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Final Rule on Geographic Preference in Child Nutrition Programs Released

April 22, 2011

Today the Food and Nutrition Service released the final rule on geographic preference in Child Nutrition Programs, demonstrating substantial progress for local and regional food systems.  As the final rule explains, “geographic preference is a tool that gives bidders in a specified geographic area a specific, defined advantage in the procurement process.”

This rulemaking follows from an amendment in the 2008 Farm Bill directing the Secretary of Agriculture to encourage local sourcing by institutions in the National School Lunch Program, School Breakfast Program, Fresh Fruit and Vegetable Program, and Department of Defense (DOD) Fresh program, among others.

According to the final rule, institutions that receive Child Nutrition funds for the aforementioned programs can choose to give extra points to unprocessed locally grown or raised products in the procurement process.

As in the proposed rule, institutions have the discretion to define the “local” area for which preference applies.  As the Agency notes in the final rule, “individual circumstances and product availability leads to the most successful local and regional procurement programs.”

Regarding the definition of “unprocessed agricultural products,” the proposed rule included “de minimus handling and preparation ‘such as may be necessary to present an agricultural product to a school food authority in a useable form, such as washing vegetables, bagging greens, butchering livestock and poultry, pasteurizing milk, and putting eggs in a carton.‘” Due to numerous comments received by the Agency around this definition, however, the final rule more explicitly covers various food handling and preservation techniques as follows:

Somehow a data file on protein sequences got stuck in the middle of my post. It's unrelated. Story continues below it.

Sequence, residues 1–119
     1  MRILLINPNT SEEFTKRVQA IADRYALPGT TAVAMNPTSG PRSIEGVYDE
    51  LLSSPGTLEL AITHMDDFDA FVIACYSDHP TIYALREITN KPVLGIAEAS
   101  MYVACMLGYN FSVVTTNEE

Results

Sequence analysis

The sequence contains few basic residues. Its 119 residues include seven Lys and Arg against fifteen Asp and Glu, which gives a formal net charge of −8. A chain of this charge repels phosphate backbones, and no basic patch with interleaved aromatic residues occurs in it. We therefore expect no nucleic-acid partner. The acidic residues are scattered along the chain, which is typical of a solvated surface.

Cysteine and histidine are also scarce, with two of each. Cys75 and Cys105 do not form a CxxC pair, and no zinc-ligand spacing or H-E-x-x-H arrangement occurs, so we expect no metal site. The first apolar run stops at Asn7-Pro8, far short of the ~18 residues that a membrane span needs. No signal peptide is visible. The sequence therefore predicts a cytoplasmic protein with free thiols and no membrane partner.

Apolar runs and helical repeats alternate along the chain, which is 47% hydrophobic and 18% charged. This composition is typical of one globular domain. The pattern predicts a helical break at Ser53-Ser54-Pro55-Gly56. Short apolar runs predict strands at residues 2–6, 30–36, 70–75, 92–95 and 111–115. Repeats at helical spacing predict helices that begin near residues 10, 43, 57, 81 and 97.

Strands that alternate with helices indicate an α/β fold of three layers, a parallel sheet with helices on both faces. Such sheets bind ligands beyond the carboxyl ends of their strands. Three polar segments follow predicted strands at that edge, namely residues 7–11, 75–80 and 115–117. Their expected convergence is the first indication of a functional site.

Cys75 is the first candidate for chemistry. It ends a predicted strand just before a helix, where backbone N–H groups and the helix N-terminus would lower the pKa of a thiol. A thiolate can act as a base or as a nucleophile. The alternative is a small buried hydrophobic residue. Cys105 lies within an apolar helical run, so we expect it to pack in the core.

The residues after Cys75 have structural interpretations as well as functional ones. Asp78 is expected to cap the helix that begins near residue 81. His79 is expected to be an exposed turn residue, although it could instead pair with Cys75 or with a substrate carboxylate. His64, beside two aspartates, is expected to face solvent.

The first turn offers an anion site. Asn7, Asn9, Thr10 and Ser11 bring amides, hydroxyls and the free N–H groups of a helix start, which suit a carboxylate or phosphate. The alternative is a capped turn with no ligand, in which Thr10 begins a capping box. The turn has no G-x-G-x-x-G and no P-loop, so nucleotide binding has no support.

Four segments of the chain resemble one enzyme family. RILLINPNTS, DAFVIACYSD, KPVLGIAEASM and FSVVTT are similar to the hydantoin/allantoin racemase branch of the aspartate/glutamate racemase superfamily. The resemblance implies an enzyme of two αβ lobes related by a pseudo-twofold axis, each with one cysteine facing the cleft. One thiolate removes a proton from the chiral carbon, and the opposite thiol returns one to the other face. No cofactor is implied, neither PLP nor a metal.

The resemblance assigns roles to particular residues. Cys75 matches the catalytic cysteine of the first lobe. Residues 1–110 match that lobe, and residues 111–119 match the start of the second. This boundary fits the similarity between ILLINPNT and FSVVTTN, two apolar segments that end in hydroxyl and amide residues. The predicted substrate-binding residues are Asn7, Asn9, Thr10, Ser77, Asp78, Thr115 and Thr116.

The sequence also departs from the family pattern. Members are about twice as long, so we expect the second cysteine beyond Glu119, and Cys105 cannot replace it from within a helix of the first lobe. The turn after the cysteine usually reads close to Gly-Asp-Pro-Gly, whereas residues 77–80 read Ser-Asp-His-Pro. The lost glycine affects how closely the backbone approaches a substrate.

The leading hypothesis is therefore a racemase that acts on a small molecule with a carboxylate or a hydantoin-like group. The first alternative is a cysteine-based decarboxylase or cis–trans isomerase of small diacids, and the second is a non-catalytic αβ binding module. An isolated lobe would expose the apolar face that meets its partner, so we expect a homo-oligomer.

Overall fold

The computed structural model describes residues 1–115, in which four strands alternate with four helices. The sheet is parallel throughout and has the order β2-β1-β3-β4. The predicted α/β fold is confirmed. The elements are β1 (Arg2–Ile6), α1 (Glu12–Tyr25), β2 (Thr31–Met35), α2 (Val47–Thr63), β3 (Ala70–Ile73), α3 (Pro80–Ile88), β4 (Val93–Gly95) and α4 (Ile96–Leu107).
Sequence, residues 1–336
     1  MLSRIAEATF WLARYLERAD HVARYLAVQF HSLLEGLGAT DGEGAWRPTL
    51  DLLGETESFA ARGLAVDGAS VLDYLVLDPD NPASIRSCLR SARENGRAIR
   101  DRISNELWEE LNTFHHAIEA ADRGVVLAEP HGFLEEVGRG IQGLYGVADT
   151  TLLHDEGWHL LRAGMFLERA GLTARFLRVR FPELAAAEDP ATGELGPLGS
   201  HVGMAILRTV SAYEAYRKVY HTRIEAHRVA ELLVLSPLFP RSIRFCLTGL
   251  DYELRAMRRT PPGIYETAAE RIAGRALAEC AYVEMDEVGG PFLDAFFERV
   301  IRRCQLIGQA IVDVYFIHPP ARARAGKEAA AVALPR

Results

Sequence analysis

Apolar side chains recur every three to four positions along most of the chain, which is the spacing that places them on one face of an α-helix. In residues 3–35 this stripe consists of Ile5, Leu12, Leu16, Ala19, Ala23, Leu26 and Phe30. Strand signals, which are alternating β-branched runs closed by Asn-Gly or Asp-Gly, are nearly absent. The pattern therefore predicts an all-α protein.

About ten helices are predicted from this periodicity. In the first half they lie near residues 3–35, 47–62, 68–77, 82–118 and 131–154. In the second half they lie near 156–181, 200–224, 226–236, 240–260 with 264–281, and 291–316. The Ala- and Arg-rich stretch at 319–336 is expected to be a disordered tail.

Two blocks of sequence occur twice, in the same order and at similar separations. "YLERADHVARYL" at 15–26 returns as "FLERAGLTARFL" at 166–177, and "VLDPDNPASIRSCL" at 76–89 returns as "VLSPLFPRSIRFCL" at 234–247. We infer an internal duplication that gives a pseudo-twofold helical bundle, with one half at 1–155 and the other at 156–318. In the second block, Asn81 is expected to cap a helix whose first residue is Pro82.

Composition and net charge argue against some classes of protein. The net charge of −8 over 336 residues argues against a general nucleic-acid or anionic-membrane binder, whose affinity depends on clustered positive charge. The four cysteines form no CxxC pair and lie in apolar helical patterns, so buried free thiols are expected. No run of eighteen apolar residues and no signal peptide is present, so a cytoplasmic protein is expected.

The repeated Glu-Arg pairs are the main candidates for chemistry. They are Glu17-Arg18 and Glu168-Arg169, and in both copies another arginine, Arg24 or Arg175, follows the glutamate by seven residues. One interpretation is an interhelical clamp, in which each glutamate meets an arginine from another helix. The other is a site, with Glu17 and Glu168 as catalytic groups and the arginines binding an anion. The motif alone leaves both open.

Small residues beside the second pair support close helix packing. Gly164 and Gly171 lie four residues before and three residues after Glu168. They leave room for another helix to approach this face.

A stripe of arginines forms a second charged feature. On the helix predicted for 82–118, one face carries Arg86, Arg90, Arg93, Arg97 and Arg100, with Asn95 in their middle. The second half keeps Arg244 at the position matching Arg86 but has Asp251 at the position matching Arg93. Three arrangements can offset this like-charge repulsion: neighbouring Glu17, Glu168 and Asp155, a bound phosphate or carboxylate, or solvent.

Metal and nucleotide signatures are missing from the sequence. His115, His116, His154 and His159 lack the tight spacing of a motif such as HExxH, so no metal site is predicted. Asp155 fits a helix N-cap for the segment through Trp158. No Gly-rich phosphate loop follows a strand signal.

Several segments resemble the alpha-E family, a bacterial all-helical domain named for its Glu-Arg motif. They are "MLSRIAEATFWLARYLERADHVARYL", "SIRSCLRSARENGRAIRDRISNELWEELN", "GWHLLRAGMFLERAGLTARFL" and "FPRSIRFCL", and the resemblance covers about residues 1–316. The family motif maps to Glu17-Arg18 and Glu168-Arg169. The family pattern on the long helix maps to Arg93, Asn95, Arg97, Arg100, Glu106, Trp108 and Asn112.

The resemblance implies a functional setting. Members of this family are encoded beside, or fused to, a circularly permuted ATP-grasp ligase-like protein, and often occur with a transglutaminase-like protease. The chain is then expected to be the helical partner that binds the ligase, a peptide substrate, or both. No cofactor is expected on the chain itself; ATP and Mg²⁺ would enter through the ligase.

• “Combination packages” of vegetables and fruits are now permitted for geographic preference.  An example of this would be a mixture of summer squash and broccoli.
  • Formed products, such as ground beef and other meat patties, are permitted for geographic preference as long as they “contain no additives or fillers.”
  • Ascorbic acid, used “to hold color or prevent oxidation once a fruit or vegetable product was cut or chopped,” can now be added to products qualifying as “unprocessed.”  However, the final rule clearly states that “no other preservatives used for any other purpose are considered to be acceptable.”

As in the proposed rule, frozen products are acceptable for geographic preference.  Also as in the proposed rule, cutting meat into strips, filleting fish, grinding grain, and packaging products are acceptable for geographic preference.

The final rule maintains that canned and other heat preserved products cannot be included in the definition of “unprocessed agricultural products.”

Finally, the final rule notes that while the Fresh Fruit and Vegetable Program can use geographic preference in its procurement process, the mandate for fresh products remains in effect.  The Agency will be issuing specific provisions in a proposed rule at a later date to clarify procurement options unique to this particular program.

Categories: Local & Regional Food Systems

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